That Boutique-y Rum Company Blended Rum #1 – Jamaica

Back into another Boutique-y Rum Company release. This time it’s a blended Rum comprising entirely Jamaican components. You can read a little about another Boutique-y Rum release and a little about the company itself here. Now that has been said, let’s get into its ribs.

That Boutique-y Rum Company Blended Rum #1 – Jamaica – 55% abv

The bottle hints at the use of Dunder with its skull and crossbones and bubbling, festering pit hogging the label. We also get little in terms of information. Just that the blend is composed of Pot AND Column Rum from a mix of Jamaican distilleries. Digging a little deeper we can ascertain that the blend components were distilled at some point in 2008 and bottled in 2018 making the blend 9 years old. Requesting info from Peter Holland has revealed more information. The Pot Distilled components are from Long Pond, New Yarmouth, Clarendon (Monymusk) and the Secret Distillery from Lluidas Vale…..*cough* Worthy Park *cough*. The Column component is from Clarendon (Monymusk) too.

Long Pond has seen a fair few releases recently and sitting around 18 miles away from Hampden it is also located in the Trelawny Parish. It releases very vibrant and fruity Rums from my experience with some of the continental aged products that I’ve tried and a fair few batshit mental offerings if the NRJ Velier releases are anything to go by. The VRW and STC❤️E are beautifully drinkable expressions whereas the TECA and TECC releases are monsters. New Yarmouth is the home of J Wray & Nephew and we have been fortunate to see some amazing releases from the distillery via Compagnie des Indes….Ethyl Acetate is king in these bottlings. Clarendon, the home of Monymusk and Captain Morgan produces both Pot and Column distillates and is more of a large scale modern facility. Worthy Park you will know all about.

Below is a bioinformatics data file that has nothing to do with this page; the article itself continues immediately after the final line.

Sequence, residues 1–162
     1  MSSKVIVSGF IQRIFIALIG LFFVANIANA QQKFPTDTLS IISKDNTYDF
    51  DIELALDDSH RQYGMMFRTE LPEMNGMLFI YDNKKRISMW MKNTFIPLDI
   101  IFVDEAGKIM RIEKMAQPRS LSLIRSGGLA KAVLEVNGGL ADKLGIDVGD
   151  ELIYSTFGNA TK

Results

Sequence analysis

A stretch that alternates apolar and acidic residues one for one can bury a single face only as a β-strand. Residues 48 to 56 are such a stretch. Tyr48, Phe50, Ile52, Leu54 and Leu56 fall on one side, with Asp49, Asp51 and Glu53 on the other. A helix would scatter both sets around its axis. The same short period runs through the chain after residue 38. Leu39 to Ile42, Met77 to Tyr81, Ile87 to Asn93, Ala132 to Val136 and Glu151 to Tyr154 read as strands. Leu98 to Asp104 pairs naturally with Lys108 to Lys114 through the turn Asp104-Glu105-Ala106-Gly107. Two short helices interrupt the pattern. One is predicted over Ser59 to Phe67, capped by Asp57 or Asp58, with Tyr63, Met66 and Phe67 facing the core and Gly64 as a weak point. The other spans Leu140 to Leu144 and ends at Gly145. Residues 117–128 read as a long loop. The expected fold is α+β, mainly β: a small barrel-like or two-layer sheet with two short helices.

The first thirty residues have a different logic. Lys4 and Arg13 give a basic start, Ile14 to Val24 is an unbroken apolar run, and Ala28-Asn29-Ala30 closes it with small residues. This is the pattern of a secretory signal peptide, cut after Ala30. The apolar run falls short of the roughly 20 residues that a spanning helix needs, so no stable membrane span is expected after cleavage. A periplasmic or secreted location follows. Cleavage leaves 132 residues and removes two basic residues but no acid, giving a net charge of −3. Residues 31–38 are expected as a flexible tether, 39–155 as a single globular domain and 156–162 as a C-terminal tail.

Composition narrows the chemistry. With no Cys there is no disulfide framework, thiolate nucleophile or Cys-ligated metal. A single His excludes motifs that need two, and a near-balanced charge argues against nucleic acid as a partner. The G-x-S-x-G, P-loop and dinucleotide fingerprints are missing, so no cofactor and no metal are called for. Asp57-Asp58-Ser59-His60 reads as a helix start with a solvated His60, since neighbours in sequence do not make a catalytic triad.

So as you’ll see, quite a varied blend and hopefully the results will be positive….but there’s only one way to find out.

Tasting Notes

Nose: Yup. Definitely Jamaican. Definitely Long Pond. That bright, almost candied tropical fruit is first on the nose. Guava, mango and papaya. There follows a huge hefty weight of ethyl acetate bringing forth Grilled Pineapple, varnish, pear drops and glue that can only be the New Yarmouth kicking the door in. Crisp notes of white wine. There is a beautifully solid vanilla, warming oak and banana loaf backbone to the blend. This carries those bright acidic and fruity top notes and allows them to play so well together. Time brings Kola Kubes, banana jam and a hint of eucalyptus. Glorious stuff

Mouth: Initial entry is beautifully sweet with a very heated follow-up. It’s quite spirity initially and does display some of its 55% abv. You soon acclimatise to this though. Very fruity. It’s reminiscent of a mixed tropical fruit jam. A beautiful interplay of Pineapple, Guava and fresh Papaya with just a squeeze of lime juice. The mid palate brings the weight of the oak into play and this begins to dry your mouth from the tongue back. Spiced oak and pepper in turn announce vanilla, salted caramel and a beautifully sticky molasses note. The finish is not particularly long, choosing to make a sharp exit. Grilled pineapple, fresh papaya and a hint of that beautifully enticing caramel right at the back-end with lingering peppery oak dead centre of your tongue.